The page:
Mystery Jets have always worn their eccentricities like a leopard print badge of honour. As the band who wrote ‘Two Doors Down’, perhaps they’ve every right to. Still, the suspicion that this Eel Pie Island quartet place general whimsy before straight up incredible songwriting continues to linger like simplistic comparisons to Syd Barrett. Following the underwhelming Serotonin, a reboot seemed like the best route forward for Blaine Harrison and co. As it turns out, a country-inspired LP recorded in Austin, Texas was the way they decided to go about it.
What could be more Mystery Jets than trekking over to Confederate America with only a handful of guitars and some Deep South dreaming to get by on? Americana is a suit the group don with lonesome gusto, tempering their excesses even when they're most needed. There’s only so much unhinged delirium you can dole out through a mournful echo pedal.
Stripped of their archetypal fidgeting on the fringes of pop normality, the musicians behind Radlands reveal themselves to be far more accomplished than you’d predict. Compelling in the minor key, the album’s title track is a stunning introduction to a seemingly reinvigorated band, an affecting tale of despondency and disconnectedness that doesn’t rely on grand theatrics to hit its mark. Of course, there’s a caterwauling chorus but it’s perfectly teed up by some disarming lyrical dexterity from Harrison Jnr. “I've heard there's a place where we go when we die," he croons with wistful abandon. " It's a terribly overrated horseshit-shaped hole in the sky?"
The stark opening salvo of ‘You Had Me At Hello’ and ‘Someone Purer’ continues this profound streak of pure brilliance. It’s a joy to hear, not because Mystery Jets have dropped the kookiness, but because they’ve managed to realise something in themselves that previously seemed out of reach. There’s still room for a flight of fancy in ‘Greatest Hits’, a genuinely rib-tickling post-breakup trawl through a shared record collection, "No way you're having This Nation's Saving Grace you only listen to it when you're pissed. But when you sober up it's always, 'Why the fuck are you still listening to Mark E Smith?'"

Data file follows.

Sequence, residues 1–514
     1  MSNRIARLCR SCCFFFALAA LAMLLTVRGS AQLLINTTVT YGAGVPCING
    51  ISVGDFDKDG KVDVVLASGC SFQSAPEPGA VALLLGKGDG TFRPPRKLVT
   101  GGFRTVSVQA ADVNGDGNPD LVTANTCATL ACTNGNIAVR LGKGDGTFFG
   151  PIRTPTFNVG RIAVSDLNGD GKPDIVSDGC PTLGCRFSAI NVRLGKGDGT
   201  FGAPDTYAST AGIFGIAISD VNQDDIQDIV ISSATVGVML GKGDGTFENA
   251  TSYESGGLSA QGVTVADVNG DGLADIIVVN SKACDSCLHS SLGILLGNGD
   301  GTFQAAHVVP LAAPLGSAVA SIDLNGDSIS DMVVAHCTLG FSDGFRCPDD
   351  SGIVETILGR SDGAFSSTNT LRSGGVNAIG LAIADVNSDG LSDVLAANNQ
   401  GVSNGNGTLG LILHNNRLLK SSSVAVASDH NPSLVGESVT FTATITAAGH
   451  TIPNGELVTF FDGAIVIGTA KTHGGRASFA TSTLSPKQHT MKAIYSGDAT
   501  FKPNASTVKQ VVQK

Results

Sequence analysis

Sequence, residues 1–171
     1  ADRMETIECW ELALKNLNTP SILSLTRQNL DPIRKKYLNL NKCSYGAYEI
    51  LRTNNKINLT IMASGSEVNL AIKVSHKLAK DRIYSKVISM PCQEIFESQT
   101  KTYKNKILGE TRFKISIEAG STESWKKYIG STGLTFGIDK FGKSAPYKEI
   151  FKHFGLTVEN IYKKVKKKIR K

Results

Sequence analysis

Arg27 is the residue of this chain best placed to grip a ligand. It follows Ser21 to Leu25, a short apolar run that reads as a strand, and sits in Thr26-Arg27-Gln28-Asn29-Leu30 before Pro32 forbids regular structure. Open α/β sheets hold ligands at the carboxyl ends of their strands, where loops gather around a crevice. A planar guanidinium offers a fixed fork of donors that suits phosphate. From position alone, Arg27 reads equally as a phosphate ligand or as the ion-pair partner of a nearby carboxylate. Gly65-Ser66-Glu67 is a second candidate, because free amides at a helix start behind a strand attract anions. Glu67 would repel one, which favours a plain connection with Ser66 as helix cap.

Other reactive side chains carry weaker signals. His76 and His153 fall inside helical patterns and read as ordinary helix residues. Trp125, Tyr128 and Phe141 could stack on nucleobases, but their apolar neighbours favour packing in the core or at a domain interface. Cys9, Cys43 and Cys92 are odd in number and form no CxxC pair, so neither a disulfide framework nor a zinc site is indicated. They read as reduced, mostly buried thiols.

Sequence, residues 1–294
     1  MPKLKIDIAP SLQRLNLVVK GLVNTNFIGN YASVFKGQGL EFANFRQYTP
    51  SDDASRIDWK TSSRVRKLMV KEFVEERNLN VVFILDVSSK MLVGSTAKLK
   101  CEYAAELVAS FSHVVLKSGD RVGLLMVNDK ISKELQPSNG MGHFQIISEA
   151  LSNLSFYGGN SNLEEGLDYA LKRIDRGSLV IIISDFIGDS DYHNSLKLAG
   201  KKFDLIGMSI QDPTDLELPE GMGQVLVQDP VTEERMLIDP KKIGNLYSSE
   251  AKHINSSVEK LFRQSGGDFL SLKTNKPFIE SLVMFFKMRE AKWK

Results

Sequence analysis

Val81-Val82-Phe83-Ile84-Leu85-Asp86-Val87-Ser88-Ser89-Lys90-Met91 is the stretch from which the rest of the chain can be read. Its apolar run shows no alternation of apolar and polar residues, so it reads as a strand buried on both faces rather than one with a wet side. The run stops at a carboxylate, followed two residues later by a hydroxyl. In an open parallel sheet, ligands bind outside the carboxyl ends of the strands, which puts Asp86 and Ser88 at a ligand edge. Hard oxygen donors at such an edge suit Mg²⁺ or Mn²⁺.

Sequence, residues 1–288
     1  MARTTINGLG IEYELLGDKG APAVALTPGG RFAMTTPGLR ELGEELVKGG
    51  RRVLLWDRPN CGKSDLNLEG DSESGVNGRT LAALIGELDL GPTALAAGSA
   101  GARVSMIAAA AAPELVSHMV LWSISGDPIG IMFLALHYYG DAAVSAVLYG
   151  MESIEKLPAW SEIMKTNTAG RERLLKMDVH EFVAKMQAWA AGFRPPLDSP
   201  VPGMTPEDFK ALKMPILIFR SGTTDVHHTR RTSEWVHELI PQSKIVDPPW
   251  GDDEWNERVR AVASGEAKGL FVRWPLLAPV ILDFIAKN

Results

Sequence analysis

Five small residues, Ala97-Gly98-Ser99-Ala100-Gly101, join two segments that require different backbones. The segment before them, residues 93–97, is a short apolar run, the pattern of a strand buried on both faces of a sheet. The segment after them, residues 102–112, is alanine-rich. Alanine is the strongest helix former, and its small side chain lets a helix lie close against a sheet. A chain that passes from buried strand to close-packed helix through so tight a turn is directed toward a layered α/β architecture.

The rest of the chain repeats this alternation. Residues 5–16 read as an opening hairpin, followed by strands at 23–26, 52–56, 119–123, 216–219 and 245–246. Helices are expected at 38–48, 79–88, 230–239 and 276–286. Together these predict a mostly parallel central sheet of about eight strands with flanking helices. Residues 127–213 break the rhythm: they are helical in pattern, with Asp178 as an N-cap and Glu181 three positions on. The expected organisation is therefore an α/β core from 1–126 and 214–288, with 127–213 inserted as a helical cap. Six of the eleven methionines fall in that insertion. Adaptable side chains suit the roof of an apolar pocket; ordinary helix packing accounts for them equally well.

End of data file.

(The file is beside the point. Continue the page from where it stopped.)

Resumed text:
From this point onwards, it’s our sad duty to report that the only way is downhill. Not to any outstandingly bad offerings, just to several more forgettable ones than can be briskly ignored. ‘Sister Everett’ threatens to be of interest yet ends up rambling its way into a subdued oblivion. ‘Lost In Austin’ would almost be worthy of our original fervour, if it's final flourish of despair weren't so unforgivably tardy. Even a delicate duet between William Rees and the enchanting Sophie-Rose on ‘Take Me Where the Roses Grow’ can’t distract from the song being very average in the first place.
It’s a cruel fate for an initially promising album that loses its lustre the longer it sprawls onwards. A place of bitter emotions and broken ambition, Radlands encapsulates its geographic influences better than the Mystery Jets could have possibly intended.
6Robert Leedham's Score